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The room in Delhi Public Library, Sarojini Nagar, was warm and welcoming in the cold wintry morning as sunlight streamed into the room through the numerous windows. So, it was in this library with windows, that children from five different schools trooped in, took off their shoes, lined them neatly against the wall and took their place on dhurries neatly laid by the DPL staff.

The first sesson

The first sesson

The first session of the day did not fail to impress the children. Ankit Chadha, dastango and storyteller, wove two beautiful stories for the children who stayed wide-mouthed and agape clearly wanting more. The first story about Raja Vikram and Karan with its frequent mentions of tasty masalas and pakoras warmed up the children to the storyteller.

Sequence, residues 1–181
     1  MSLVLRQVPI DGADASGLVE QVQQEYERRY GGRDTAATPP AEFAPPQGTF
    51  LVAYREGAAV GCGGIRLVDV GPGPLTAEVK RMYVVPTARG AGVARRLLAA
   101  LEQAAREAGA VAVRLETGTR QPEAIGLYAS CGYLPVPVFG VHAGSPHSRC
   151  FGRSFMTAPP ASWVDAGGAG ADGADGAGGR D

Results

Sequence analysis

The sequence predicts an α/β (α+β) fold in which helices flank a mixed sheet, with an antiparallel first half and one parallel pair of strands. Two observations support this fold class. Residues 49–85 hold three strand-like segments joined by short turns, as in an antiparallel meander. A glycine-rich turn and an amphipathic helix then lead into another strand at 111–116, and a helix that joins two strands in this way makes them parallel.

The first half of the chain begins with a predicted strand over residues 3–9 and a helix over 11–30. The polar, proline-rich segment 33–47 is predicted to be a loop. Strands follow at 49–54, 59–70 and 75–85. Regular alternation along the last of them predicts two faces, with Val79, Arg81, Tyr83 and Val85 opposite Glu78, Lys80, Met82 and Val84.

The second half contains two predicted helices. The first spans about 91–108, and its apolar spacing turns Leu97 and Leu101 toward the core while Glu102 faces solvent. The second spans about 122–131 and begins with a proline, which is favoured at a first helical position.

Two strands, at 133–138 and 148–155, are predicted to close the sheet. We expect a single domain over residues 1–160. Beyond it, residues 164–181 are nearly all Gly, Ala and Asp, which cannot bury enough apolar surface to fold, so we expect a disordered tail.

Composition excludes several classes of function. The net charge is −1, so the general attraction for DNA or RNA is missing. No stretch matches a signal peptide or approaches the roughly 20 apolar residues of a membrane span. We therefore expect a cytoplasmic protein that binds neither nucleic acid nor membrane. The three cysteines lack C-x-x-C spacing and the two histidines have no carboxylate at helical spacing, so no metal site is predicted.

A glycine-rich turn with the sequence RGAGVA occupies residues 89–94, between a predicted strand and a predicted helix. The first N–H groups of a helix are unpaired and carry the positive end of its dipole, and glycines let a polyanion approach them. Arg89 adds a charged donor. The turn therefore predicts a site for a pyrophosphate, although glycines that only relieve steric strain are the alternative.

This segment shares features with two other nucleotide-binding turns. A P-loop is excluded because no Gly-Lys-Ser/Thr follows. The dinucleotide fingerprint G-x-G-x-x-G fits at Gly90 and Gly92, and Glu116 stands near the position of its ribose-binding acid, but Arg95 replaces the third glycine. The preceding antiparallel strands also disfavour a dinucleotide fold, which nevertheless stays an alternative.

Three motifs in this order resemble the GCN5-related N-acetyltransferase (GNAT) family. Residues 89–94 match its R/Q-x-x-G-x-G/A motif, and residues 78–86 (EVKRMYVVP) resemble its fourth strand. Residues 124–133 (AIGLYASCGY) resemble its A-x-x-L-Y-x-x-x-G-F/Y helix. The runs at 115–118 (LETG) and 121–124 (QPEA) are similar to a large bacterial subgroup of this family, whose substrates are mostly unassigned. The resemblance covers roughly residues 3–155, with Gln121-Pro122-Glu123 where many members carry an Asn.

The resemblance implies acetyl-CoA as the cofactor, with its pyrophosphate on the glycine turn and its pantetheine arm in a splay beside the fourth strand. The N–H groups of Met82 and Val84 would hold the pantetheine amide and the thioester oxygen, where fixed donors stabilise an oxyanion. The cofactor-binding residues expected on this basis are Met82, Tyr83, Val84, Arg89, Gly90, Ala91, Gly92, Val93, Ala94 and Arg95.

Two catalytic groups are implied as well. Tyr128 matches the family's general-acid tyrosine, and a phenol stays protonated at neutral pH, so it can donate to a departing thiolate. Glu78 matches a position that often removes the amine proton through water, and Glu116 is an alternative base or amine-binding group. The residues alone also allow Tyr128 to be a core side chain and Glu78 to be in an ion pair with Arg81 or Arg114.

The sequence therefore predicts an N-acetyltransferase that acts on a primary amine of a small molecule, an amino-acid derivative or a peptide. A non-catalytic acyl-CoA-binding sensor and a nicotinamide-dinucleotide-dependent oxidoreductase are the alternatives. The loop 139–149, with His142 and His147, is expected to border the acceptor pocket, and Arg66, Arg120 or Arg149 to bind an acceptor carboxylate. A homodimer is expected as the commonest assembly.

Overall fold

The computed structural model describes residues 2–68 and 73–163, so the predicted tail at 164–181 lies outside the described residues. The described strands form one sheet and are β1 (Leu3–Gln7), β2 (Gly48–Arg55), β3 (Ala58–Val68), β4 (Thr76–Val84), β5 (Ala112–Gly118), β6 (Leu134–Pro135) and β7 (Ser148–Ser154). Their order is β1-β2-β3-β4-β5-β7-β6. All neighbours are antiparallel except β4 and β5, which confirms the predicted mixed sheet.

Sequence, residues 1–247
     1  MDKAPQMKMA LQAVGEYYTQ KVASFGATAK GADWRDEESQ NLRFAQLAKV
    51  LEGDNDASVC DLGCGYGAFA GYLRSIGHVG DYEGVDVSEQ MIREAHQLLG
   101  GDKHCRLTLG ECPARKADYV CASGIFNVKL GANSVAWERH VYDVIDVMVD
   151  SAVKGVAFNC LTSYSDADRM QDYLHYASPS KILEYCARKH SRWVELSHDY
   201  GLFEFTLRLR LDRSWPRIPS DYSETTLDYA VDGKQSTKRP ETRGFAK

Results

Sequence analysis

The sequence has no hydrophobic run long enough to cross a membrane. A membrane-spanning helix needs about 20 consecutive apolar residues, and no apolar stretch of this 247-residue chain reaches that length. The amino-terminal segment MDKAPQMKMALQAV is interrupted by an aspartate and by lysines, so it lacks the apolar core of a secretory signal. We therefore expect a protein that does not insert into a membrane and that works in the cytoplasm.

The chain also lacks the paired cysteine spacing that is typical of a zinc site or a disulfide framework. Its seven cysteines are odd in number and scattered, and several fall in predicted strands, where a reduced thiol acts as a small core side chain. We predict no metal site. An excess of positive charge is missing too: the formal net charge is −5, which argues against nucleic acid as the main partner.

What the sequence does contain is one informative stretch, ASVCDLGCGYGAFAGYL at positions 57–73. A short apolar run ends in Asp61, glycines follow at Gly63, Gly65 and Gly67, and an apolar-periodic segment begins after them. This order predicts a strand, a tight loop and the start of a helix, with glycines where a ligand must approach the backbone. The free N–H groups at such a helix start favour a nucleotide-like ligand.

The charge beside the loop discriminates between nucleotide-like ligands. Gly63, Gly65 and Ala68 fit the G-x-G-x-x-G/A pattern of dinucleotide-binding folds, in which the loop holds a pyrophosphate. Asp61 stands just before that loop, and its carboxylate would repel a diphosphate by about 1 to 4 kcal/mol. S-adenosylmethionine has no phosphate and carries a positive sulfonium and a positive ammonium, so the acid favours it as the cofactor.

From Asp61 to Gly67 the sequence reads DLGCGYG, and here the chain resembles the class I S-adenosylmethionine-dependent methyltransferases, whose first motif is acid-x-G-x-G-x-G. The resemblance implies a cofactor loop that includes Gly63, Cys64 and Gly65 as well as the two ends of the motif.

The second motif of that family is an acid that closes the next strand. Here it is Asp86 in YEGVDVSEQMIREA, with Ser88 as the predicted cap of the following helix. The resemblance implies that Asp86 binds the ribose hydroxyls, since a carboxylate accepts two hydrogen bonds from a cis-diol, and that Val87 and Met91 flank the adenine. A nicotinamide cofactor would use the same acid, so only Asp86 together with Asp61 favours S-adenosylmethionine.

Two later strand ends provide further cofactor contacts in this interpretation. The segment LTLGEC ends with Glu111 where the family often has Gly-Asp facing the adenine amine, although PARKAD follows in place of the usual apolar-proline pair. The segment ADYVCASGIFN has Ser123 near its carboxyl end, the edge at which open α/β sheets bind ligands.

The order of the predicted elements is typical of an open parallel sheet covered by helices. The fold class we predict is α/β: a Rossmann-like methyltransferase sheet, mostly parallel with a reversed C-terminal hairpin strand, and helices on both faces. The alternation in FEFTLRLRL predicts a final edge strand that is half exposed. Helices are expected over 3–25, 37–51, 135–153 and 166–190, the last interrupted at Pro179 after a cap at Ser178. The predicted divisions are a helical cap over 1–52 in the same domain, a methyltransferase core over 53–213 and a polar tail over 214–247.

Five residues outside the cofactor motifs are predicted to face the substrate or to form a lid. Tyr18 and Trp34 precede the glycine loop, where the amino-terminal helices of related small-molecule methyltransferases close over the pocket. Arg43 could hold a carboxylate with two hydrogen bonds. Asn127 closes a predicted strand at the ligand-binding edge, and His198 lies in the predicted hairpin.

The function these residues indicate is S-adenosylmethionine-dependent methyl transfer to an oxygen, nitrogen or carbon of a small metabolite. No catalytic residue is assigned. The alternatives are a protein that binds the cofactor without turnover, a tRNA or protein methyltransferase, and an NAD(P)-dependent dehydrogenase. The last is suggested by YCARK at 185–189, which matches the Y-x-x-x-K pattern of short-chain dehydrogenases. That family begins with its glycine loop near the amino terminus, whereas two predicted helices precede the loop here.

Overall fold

The second story about the stonecutter kept the children guessing until they heard the surprise end. But as is the case with every session in Bookaroo, the one-hour session ended at 10:30 am sharp so that children could have a refreshment break till 11.

While the children had their refreshment provided by the library, the teachers and principals accompanying the school met with us over a cup of tea to know more about Bookaroo. Many of them promised to come to the Librarians session ‘Life in the Library’ on Nov 22 at IGNCA as well as the weekend celebrations.

At 11, the TERI team took over the stage with quizzes on recycling, facts about reusing and examples of biodegradable waste. The atmosphere got charged as every child in the room had an activist look in their eyes They knew exactly what was expected of them and they wanted to reassure the adults in the room that the earth was in safe hands and they would do whatever it takes to reduce, reuse and recycle. A bright young boy got up to reiterate, “This session will not end here. We are taking the learnings with us and spread the word”. What more could we ask for?

Bookaroo team